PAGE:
[Dixielandjazz] Dixieland before ragtime?
LARRY'S Signs and Large Format Printing
sign.guy at charter.net
Fri Jan 21 21:07:39 PST 2005
Bill and all:
It's true that generalizations aren't good but you have to admit on the
overall scale what I said is true. Reading anything is a skill and the more
you do it the better you get and the opposite the less you do the less you
can do something.
I'm fighting that battle right now. The trombone player with my group is a
good jazzer but can't find his way through the D.S 's and codas and repeats
of charts which frustrates him and he wants to quit. Well that would be OK
but we are a reading as well as an improvising group. I need both talents.
I would be overjoyed at having another player but there just aren't that
many guys around that want to play this in the first place and there aren't
that many who can. I can count them on one hand and most are already
working or with groups.
Personally I have to work at reading all the time or else I have a lot of
problems and then I'm infected with the jazzers love of changing things
around when he sees a printed page. I work at it and try to keep both
skills up but there is no chance that the Symphony would ever want me.
I personally envy a bit the guy that is very accurate and plays exactly
what's on the page and does it well but I've never been happy doing that. I
almost didn't get my music degree because I was always that half bubble off.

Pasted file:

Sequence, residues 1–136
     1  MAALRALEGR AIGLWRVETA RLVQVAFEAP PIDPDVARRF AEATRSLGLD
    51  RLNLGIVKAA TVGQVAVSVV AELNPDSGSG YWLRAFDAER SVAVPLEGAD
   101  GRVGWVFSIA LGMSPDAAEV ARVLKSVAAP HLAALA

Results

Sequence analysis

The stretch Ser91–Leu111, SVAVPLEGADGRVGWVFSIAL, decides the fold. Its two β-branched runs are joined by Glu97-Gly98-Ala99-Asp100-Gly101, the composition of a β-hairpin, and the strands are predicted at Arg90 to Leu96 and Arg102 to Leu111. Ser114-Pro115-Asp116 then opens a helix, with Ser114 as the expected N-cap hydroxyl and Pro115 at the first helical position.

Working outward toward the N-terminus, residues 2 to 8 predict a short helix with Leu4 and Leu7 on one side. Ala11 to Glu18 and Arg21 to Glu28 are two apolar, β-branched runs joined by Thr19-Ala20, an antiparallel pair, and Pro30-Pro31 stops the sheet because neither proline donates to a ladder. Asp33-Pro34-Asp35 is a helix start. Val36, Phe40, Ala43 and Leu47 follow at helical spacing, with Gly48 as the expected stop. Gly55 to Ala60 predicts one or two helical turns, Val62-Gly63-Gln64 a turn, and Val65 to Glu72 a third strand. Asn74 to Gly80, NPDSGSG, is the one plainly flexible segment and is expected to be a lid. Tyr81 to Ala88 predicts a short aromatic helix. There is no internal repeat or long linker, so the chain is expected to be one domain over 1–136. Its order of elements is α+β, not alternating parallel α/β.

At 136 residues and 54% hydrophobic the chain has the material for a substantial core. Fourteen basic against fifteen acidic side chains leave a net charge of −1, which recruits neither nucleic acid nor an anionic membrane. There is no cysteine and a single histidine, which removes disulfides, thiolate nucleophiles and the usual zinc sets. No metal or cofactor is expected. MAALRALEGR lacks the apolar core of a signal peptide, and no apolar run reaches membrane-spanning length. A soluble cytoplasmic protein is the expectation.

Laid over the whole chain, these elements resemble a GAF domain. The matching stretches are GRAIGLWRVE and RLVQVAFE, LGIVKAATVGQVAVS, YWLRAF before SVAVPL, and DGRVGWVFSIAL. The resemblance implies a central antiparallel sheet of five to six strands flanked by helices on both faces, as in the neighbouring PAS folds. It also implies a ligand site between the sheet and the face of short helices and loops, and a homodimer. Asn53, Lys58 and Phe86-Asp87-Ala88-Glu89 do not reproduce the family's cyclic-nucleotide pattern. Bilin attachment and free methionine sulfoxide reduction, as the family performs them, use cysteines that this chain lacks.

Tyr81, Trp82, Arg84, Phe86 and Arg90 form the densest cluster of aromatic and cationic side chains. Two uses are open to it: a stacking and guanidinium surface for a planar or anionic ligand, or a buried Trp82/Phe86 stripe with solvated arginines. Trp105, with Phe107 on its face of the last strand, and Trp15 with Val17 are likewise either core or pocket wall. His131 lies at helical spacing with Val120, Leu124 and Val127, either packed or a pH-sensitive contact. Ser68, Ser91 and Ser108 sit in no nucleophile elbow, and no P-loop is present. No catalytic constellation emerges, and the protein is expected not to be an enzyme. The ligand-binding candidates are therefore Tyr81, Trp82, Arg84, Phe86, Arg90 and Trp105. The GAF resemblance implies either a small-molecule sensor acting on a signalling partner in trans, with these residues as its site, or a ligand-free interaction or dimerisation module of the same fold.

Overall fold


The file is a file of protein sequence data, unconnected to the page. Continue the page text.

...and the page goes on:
Jazzers just can't bring themselves to stay in the lines and always try to
be free to create. Others enjoy following the rules and staying inside the
lines and subjecting themselves to musical dictators. That dictator might
be the musical director/conductor, the music it's self, the arrangers whims
and the composers writing. Then they try to make it perfect every time like
a tape recorder playing back over and over. It gives them the security that
they are right and others are wrong that they have followed all the rules
and they strive for the reward of the occasional attaboy from the big guy.
I just strive for a different form of perfection. I'm not a tape recorder
or reproduction device and I use the printed page as a frame to put my
painting in. that's what is so cool about Dixieland and other forms of
jazz, the creative parts of ourselves can fly as free and as far as we have
the talent to go.
----- Original Message -----
From: "Bill Gunter" <jazzboard at hotmail.com>
To: <dixielandjazz at ml.islandnet.com>
Sent: Friday, January 21, 2005 6:24 PM
Subject: Re: [Dixielandjazz] Dixieland before ragtime?
> Hi all,
> Sign guy wrote:
> >There is a very
> >definite phenomenon that happens with Musicians. The over trained just
> >can't play jazz and the Jazzers just don't read very well. . . .
> Now while it is true I know some really well trained musicians who don't
> seem to be able to really swing and I also know some fine jazz guys who
> don't read too well (if at all), is it possible that the above statement
> be a bit over generalized?
> I do know some really well trained musicians who are kick-ass jazzers and
> know some fine jazzers who can read anything you stick in front of them!
> I did have to laugh, however, at a birthday party which was attended by
> symphony players and dixielanders and who all brough axes to play the
> Birthday Song (Haaaappy Birthday to you, etc). What made me laugh was that
> the Symphony players didn't want to play it in "F" (the standard key) but
> indicated they'd like to play it in "A" (a good key for fiddle players).
> The jazz musicians played it in A with no problem and seemed a bit amused
> the whole thing.
> Bill "I can play anything provided it's written for washboard" Gunter
> jazzboard at hotmail.com
> Dixielandjazz mailing list
> Dixielandjazz at ml.islandnet.com
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